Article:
With my usual slow pace, it took me a couple of months to get through Mikhail Bulgakov’s The Master and Margarita. It’s an entertaining read. The devil and his associates turn up in Soviet Moscow and begin causing havok; the book is a farce, concerning itself mainly with the unlikely chains of events that occur as the result of the improbable feats performed by this troupe.
The book touches on – and satirises – a lot of subjects: writers and literary critics, the greedy and status-seekers, the bureaucracy of Moscow, love and desire in contest with respectability. Threaded through the novel is a second story of Pontius Pilate around the day of the execution of Yeshua (something that he participates in and yet regrets, having felt a connection to the philosopher when they spoke) – a story which at times both echoes and contrasts the themes within the depiction of events in Moscow.
I did find the plot a little thin in places, but the book picked up with the introduction of the titular Margarita in the second half; the story thereon follows mainly her own journey seeking to rediscover her lost lover, the Master. The highlight of this is probably Satan’s ball on the night of the full moon, where Margarita plays hostess:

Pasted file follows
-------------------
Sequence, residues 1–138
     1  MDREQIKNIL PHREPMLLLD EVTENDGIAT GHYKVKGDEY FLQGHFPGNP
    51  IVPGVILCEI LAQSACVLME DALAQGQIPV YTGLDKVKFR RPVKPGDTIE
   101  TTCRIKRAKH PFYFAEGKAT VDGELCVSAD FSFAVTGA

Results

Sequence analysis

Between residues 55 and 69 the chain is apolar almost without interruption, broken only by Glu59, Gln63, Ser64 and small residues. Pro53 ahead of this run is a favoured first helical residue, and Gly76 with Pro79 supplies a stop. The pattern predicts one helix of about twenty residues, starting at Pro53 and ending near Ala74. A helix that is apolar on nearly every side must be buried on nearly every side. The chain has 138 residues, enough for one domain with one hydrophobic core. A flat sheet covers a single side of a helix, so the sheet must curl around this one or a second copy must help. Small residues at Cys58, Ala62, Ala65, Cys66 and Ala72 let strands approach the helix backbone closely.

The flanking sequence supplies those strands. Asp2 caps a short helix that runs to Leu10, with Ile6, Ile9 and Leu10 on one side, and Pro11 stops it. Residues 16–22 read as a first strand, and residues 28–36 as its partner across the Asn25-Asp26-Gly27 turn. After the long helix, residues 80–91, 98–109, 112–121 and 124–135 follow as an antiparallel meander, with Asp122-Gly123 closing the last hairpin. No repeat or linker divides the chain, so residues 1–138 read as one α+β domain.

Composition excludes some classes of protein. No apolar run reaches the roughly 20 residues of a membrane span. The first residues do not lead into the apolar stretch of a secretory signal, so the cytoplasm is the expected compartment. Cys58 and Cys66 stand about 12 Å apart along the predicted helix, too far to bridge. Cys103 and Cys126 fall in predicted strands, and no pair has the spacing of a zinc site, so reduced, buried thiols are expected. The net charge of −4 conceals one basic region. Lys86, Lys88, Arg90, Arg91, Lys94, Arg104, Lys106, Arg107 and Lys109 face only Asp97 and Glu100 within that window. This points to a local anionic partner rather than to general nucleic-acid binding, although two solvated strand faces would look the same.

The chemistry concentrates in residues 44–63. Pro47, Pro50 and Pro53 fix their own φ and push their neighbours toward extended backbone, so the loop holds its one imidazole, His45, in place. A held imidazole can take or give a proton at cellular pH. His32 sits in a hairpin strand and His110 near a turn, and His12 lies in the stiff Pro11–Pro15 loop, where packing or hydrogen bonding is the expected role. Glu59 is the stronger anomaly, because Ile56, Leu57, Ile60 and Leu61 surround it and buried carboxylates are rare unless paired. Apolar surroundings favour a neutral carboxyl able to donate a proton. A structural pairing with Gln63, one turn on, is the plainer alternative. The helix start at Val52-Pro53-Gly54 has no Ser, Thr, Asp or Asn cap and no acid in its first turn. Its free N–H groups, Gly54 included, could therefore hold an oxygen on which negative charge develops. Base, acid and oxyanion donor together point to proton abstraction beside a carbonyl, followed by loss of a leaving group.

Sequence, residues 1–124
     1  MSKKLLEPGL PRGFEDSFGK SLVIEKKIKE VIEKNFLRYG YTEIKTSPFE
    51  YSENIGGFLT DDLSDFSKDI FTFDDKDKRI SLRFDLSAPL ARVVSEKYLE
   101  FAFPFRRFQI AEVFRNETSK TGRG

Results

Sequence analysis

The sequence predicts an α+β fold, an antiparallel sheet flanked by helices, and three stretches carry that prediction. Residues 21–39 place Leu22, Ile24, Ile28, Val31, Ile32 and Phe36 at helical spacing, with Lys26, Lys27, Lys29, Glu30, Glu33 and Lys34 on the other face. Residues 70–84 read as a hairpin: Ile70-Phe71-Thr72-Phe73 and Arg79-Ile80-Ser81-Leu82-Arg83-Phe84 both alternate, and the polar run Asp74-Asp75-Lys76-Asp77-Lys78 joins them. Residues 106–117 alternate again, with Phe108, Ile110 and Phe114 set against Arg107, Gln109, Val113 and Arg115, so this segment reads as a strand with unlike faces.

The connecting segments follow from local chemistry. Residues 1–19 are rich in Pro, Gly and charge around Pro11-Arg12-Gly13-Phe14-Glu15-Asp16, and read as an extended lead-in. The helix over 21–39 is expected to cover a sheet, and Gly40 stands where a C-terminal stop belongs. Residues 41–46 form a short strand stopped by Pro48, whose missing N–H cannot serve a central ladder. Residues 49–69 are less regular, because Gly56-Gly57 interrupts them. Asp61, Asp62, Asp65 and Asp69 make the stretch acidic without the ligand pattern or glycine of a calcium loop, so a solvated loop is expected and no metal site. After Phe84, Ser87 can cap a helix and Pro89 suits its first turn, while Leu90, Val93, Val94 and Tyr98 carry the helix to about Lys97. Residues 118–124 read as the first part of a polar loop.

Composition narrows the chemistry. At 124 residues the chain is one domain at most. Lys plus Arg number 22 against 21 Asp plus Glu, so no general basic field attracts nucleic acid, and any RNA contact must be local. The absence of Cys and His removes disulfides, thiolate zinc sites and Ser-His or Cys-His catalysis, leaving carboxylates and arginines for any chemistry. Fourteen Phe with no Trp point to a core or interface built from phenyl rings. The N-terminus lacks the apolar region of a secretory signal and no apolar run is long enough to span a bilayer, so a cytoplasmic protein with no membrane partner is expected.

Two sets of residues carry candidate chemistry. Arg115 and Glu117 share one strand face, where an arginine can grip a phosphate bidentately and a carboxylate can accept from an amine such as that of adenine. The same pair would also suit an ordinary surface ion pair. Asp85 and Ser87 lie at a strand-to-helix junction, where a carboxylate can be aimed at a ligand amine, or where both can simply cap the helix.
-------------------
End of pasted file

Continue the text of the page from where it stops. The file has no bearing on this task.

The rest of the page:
The ball fell on her all at once in the form of light, and, with it, of sound and smell. Taken under the arm by Koroviev, Margarita saw herself in a tropical forest. Red-breasted, green-tailed parrots fluttered from liana to liana and cried out deafeningly: ‘Delighted!’ But the forest soon ended, and its bathhouse stuffiness changed at once to the coolness of a ballroom with columns of some yellowish, sparkling stone.
A low wall of white tulips had grown up in front of Margarita, and beyond it she saw numberless lamps under little shades and behind them the white chests and black shoulders of tailcoaters. Then Margarita understood where the sound of the ball was coming from. The roar of trumpets crashed down on her, and the soaring of violins that burst from under it doused her body as if with blood. The orchestra of about a hundred and fifty men was playing a polonaise.
There is almost too much going on in the novel to put into words, and I’ve certainly not come close to covering all of it (or even much of it, really). Let’s just say it’s a worthwhile read (though you may want to learn what a Primus stove is beforehand, or you might end up confused by some of the final scenes, like I was).